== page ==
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ʻIKE ʻ INA KŪPUNA BASED EDUCATION APPLYING HAWAIIAN FRAMEWORK AS A TOOL IN THE CURRICULUM
|Title:||ʻIKE ʻ INA KŪPUNA BASED EDUCATION APPLYING HAWAIIAN FRAMEWORK AS A TOOL IN THE CURRICULUM|
|Abstract:||The purpose of this study is to investigate the impact of a Hawaiian culturally
responsive, place-based education curriculum on student learning and engagement.
ʻIke ʻāina kūpuna based education is a Hawaiian ancestral knowledge framework
drawing on Hawaiian cultural practices such as kilo, kanu, oli, mele, kumulipo, and hei,
kuahu, and hale building to engage students in science education. This study was
conducted at schools across the Waiʻanae Coast, working with Waiʻanae Intermediate
School science department and teachers as well as Nānākuli High and Intermediate
School Hoʻopulapula Academy students and teachers. Data included both qualitative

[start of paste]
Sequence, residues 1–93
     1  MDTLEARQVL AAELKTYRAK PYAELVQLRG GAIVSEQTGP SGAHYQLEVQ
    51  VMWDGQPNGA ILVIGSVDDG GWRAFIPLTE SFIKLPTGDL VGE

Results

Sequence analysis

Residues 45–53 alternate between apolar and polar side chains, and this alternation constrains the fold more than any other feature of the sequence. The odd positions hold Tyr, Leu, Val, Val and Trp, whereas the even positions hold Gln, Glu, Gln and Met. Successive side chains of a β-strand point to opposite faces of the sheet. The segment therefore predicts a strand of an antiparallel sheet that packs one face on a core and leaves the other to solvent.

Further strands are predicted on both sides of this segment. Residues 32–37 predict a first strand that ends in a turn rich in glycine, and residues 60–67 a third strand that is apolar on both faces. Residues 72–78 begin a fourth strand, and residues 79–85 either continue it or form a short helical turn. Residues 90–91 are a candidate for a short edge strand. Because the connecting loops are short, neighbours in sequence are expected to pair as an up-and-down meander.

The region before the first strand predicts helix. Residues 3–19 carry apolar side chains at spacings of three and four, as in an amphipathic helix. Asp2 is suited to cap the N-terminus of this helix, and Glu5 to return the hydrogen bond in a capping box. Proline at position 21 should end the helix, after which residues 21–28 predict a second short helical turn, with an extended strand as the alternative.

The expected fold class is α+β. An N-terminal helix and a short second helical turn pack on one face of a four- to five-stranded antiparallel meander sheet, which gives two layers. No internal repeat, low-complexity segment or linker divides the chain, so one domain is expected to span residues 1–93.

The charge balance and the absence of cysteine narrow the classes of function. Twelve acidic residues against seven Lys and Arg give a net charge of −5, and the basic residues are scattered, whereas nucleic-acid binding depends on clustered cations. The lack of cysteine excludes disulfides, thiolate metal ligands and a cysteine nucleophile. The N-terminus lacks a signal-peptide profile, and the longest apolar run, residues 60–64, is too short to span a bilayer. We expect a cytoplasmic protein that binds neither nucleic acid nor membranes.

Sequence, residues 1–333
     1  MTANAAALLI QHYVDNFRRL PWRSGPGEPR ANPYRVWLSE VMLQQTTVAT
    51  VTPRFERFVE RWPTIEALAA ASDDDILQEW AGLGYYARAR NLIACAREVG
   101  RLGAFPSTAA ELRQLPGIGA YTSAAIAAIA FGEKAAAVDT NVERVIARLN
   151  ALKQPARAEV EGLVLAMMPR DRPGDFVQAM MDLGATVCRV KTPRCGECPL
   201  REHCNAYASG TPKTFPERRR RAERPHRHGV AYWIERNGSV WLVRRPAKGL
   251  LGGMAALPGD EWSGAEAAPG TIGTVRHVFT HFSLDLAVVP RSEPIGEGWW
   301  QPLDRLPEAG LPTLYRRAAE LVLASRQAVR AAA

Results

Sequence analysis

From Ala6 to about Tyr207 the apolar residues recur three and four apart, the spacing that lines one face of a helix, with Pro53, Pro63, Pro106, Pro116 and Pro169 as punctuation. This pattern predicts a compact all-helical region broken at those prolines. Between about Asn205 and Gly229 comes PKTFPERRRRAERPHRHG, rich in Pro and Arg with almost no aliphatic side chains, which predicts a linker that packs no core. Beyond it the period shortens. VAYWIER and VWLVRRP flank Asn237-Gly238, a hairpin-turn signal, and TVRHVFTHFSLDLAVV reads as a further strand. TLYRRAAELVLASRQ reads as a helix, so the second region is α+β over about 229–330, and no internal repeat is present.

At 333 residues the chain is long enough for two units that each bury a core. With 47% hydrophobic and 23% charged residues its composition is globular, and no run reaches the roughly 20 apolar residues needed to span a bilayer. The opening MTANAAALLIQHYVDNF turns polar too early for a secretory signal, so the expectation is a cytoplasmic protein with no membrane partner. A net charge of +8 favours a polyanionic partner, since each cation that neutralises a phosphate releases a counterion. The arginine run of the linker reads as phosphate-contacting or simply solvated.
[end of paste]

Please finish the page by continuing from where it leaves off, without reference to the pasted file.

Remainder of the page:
and quantitative methods, e.g., photographs, interviews, student writings, surveys, and
focus groups using outdoor activities like gardening and outplanting as a tool to
understand what impact incorporating ʻike ʻāina kūpuna based education has on
students. Data and analysis revealed that learning through a hands-on, Hawaiian
place-based curriculum grounded in using Hawaiian ancestral knowledge had positive
outcomes for students. Students loved learning in their garden and enjoyed learning
about Hawaiian culture. The findings have implications for researchers and educators
who are considering using a Hawaiian place-based curriculum framework.
|Appears in Collections:||
Curriculum Studies Plan B Projects - 2021|
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